More than 10,000 civil service jobs at the Ministry of Defence could go over the next five years as a result of the government's Strategic Defence and Security Review, according to a number of reports.
Ahead of David Cameron's SDSR statement to parliament this afternoon, both the BBC and the International Business Times reported that up to 20% of the department's civilian workforce could bear the brunt of the government's decision to focus resources on counter-terrorism and defence equipment. A spokesperson for the Ministry of Defence declined to comment ahead of the prime minister's statement.
According to the latest civil service workforce statistics, the MoD employed 48,110 full time staff as of March 2015. CSW understands that Cameron's Commons announcement at 3:30pm will not include a specific figure for job losses. The BBC put the number of jobs set to go at 12,000, while the IBTimes said "more than 10,000" would be shed over the next five years.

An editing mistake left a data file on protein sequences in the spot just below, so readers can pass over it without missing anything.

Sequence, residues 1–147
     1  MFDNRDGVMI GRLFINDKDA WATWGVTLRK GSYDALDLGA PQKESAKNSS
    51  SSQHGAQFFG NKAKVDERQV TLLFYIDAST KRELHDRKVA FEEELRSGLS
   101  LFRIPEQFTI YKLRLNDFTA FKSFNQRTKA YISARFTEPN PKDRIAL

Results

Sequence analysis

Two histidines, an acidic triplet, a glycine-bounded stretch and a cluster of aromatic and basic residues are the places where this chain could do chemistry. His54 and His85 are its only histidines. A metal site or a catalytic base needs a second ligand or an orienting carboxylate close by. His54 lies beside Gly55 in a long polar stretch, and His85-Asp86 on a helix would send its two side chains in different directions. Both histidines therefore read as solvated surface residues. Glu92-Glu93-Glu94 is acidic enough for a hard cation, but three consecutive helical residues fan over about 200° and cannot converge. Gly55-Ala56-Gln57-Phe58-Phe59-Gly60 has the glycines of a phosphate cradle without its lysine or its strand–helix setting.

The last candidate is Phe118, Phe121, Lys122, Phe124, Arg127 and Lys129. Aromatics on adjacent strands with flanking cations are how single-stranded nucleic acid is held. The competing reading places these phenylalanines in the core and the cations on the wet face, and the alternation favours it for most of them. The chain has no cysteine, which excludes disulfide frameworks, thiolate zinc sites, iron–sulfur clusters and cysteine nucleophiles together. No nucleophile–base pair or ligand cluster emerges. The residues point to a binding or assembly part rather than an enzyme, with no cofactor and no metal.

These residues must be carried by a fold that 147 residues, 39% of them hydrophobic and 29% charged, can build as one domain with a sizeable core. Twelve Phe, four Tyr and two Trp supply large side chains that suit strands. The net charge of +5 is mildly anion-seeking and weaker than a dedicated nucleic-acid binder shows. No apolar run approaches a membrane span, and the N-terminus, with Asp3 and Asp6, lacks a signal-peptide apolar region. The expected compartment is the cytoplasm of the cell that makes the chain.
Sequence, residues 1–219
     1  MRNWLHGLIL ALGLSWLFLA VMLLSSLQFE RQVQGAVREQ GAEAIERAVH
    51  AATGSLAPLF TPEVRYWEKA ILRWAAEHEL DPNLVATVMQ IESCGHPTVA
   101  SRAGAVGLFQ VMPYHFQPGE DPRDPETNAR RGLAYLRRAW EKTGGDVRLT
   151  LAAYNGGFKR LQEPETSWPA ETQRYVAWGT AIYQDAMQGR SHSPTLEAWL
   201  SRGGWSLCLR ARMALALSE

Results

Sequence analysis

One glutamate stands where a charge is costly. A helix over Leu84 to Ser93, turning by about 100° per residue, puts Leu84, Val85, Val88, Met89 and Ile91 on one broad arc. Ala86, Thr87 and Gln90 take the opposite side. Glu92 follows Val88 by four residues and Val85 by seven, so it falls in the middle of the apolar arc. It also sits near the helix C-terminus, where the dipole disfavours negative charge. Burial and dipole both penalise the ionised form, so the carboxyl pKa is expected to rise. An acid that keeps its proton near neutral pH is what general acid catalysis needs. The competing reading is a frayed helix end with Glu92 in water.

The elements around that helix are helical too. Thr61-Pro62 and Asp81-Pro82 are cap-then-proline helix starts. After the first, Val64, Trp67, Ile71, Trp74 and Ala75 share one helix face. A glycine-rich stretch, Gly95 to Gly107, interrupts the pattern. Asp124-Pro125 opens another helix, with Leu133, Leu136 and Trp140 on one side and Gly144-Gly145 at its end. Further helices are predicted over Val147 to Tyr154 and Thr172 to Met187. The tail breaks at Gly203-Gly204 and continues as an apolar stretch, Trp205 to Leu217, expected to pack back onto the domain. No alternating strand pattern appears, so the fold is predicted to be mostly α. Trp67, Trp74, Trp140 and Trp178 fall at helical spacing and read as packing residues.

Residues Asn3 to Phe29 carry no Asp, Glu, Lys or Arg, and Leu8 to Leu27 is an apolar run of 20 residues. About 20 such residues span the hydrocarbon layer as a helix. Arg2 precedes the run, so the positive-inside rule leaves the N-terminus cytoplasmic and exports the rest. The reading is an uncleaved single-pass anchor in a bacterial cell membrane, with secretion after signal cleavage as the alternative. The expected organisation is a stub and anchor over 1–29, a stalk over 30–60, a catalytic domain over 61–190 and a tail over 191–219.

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Responding to the reported job losses, Dave Penman of the FDA union stressed the role that MoD officials play in support of frontline service personnel.
"You cannot increase the military capability of the UK without [...] increasing the number of civilian staff that support the armed forces personnel on deployment," he told the World at One.
The FDA general secretary added: "We have seen this time and time again – it's very easy for chancellors or ministers to look for cuts from the civilian staff. It is more politically difficult to look for cuts from the military staff. And we end up with this mismatch between the resources that are available to support our armed forces and the number of armed forces themselves."
UPDATE: The MoD has announced plans for a 30% reduction in civilian staff – full story here